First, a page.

(C) Reuters. FILE PHOTO: The Supreme Court in Washington
By Andrew Chung
(Reuters) – The U.S. Supreme Court on Monday sidestepped a chance to further expand religious rights, turning away two cases in which employees accused companies of violating federal anti-discrimination law by insufficiently accommodating requests for time off to meet religious obligations.
The justices declined to hear appeals by two men of different Christian denominations – a Jehovah’s Witness from Tennessee and a Seventh-day Adventist from Florida – of lower court rulings that rejected their claims of illegal religious bias. Lower courts found that the accommodations the men sought would have placed too much hardship on the employers.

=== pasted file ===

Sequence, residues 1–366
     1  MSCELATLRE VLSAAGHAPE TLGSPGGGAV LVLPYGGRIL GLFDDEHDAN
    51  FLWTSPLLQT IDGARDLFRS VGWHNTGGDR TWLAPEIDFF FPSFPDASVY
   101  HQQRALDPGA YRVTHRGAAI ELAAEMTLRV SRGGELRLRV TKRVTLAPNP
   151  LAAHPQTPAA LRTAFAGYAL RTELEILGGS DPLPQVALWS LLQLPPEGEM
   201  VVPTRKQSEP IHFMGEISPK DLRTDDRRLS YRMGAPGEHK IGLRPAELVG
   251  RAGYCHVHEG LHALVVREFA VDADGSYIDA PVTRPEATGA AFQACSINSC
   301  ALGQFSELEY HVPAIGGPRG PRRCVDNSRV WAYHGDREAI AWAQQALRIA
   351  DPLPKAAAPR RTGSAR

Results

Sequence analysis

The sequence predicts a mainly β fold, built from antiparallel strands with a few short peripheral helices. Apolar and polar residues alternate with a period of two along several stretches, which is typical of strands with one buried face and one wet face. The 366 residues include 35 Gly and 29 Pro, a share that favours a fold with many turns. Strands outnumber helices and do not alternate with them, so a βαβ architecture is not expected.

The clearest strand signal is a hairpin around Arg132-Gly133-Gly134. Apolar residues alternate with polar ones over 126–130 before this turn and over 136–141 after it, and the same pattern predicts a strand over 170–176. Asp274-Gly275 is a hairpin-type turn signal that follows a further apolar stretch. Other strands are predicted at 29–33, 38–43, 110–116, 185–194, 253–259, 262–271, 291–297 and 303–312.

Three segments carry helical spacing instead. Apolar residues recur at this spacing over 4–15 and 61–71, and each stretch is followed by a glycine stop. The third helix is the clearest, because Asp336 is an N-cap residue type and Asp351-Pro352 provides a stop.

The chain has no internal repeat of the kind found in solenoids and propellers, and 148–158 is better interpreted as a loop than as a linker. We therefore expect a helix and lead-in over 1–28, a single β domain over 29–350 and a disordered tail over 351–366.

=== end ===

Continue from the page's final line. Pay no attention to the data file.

In a dissent, conservative Justices Neil Gorsuch and Samuel Alito said the court should have taken up the case from Tennessee.
At issue in the cases was the allowances companies must make for employees for religious reasons to comply with Title VII of the Civil Rights Act of 1964, which prohibits employment discrimination based on religion as well as race, color, sex and national origin.
U.S. Supreme Court declines to hear claims of workplace religious bias
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